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Tuesday, April 17, 2007

Bee My Honey - Just Don't Call On The Cell Phone

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Honey Bee Keeper and HivesStogie at Ybor City Stogie has rightly reminded me that I have been reticent investing enough effort into my non-profitable distraction of blogging on current events. Thus, I am obligated to take a few moments from carousing, watching Jon Stewart and Steven Colbert, pretending to work, and hunting for the elusive woman of my dreams before I die in order to bring you this shocking scientific hypothesis which has the potential to negatively affect every living thing on the planet.

Yes, it's time to again address those pesky cell phones - the modern technical era scourge of humanity that vexatiously interrupts dinner dates, contributes to untold automobile traffic accidents, inflicts brain cancer, and apparently disrupts the lifestyles of the major pollinators of our food crops. It's not bad enough that one can hardly maintain a personal conversation with another human being without being interrupted by ring tones vaguely resembling a bastardized version of Evanescence or being run down on the freeway by some dizzy blond trophy wife weaving in and out of traffic in her three ton SUV while arguing with her office bound meal-ticket, but now they are suspected of causing Colony Collapse Disorder within bee hives worldwide through their ubiquitous emissions of electromagnetic radiation.

European Honey Bee Pollinating a Blueberry BlossomNeed I remind anyone that should this prove to be an accurate explanation for the disappearance of millions of bees in this country, primarily occurring on the more densely populated East and West coasts, the impact goes far beyond the more obvious financial losses of an overzealous, highly profitable, yet seemingly pointless communications industry. This could well effect food production worldwide, resulting in the deaths of millions. For countries who depend on agriculture for their already meager existence, this would result in total chaos. While corn and wheat are wind pollinated and would remain unaffected in the beginning, they are lacking in nutritional value and are hardly a suitable staple sans fresh vegetable and fruit supplements. Worldwide afflictions of scurvy anyone?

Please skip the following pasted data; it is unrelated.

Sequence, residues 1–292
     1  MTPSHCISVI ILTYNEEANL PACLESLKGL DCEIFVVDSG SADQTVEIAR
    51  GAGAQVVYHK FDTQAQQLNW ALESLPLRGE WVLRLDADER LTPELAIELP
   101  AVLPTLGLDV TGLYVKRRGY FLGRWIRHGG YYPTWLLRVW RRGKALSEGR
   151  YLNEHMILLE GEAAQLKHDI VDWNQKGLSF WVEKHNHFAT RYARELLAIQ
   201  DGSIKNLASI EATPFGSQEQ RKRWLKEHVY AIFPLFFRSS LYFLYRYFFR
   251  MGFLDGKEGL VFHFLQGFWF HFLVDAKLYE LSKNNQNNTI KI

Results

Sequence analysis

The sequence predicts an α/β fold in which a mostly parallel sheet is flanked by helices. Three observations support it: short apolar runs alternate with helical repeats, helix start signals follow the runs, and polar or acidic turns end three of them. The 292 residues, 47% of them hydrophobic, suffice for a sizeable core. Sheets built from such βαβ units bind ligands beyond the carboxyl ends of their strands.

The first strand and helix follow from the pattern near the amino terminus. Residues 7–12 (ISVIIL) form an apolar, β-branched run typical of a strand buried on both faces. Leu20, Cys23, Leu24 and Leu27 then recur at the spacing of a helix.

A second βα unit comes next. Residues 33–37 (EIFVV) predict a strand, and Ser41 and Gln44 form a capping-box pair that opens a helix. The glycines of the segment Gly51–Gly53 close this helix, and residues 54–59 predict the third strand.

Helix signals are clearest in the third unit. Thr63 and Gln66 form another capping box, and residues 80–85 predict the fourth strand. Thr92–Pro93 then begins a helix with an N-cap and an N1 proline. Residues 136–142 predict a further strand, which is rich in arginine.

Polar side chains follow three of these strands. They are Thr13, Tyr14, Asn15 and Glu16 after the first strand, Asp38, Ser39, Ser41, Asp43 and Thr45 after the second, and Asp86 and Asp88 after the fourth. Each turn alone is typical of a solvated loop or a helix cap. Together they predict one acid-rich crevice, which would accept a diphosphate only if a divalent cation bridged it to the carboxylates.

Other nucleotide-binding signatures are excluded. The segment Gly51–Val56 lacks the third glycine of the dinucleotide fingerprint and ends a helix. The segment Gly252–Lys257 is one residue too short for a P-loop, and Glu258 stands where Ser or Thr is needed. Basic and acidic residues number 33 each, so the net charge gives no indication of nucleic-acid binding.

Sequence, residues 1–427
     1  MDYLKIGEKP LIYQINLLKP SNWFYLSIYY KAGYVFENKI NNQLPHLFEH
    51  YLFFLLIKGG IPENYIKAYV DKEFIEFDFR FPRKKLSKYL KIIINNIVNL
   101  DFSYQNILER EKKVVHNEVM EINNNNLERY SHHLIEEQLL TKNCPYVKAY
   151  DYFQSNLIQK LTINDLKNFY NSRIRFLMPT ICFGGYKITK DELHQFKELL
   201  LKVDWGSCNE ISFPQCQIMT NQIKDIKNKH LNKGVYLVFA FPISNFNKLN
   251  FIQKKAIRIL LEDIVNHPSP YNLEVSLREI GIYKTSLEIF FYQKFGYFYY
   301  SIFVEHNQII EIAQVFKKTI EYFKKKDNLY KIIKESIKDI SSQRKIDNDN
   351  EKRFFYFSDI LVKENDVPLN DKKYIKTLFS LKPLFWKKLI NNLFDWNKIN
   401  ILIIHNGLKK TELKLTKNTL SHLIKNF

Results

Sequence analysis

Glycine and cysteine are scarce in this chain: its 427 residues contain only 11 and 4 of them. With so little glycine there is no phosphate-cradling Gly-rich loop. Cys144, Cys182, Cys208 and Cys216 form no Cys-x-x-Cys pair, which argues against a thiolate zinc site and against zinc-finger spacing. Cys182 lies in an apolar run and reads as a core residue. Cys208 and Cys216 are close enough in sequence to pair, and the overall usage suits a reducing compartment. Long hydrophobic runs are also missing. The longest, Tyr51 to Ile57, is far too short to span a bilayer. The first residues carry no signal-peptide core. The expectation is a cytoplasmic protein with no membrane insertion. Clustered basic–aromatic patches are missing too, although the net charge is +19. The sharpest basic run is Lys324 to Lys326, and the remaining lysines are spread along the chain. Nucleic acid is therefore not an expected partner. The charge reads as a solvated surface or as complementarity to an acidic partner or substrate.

Colony Collapse Disorder (CCD) occurs when a hive's inhabitants suddenly disappear, leaving only queens, eggs and a few immature workers, like so many apian Mary Celestes. The vanished bees are never found, but thought to die singly far from home. The parasites, wildlife and other bees that normally raid the honey and pollen left behind when a colony dies, refuse to go anywhere near the abandoned hives.

The alarm was first sounded last autumn, but has now hit half of all American states. The West Coast is thought to have lost 60 per cent of its commercial bee population, with 70 per cent missing on the East Coast.

CCD has since spread to Germany, Switzerland, Spain, Portugal, Italy and Greece. And last week John Chapple, one of London's biggest bee-keepers, announced that 23 of his 40 hives have been abruptly abandoned.